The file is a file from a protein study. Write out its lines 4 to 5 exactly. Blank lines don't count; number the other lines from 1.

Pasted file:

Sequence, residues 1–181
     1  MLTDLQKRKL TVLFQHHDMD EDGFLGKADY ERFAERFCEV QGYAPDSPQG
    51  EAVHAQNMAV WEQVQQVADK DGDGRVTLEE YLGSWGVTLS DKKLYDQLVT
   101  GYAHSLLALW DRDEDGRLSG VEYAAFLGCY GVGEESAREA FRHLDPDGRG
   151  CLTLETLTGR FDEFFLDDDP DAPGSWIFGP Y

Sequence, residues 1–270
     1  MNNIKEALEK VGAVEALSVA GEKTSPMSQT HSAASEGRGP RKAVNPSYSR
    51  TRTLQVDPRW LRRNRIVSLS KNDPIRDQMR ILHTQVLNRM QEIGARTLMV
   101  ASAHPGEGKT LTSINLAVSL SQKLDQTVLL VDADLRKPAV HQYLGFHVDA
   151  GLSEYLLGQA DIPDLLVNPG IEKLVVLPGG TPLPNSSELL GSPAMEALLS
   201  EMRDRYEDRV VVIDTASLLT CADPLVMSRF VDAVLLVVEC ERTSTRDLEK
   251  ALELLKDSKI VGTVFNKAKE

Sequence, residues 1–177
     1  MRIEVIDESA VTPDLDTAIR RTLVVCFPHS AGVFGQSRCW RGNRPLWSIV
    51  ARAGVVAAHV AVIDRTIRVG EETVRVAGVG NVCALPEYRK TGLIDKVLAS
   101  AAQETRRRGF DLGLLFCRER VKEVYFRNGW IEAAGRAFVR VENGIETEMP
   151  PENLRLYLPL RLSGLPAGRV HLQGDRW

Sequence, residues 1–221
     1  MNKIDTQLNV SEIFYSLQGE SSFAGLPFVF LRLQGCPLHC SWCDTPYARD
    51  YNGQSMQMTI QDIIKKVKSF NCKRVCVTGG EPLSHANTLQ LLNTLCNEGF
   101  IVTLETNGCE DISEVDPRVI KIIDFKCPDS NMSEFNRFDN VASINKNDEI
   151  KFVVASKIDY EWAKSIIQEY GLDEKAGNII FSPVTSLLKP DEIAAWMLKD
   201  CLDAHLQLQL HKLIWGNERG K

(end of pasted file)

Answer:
   101  GYAHSLLALW DRDEDGRLSG VEYAAFLGCY GVGEESAREA FRHLDPDGRG
   151  CLTLETLTGR FDEFFLDDDP DAPGSWIFGP Y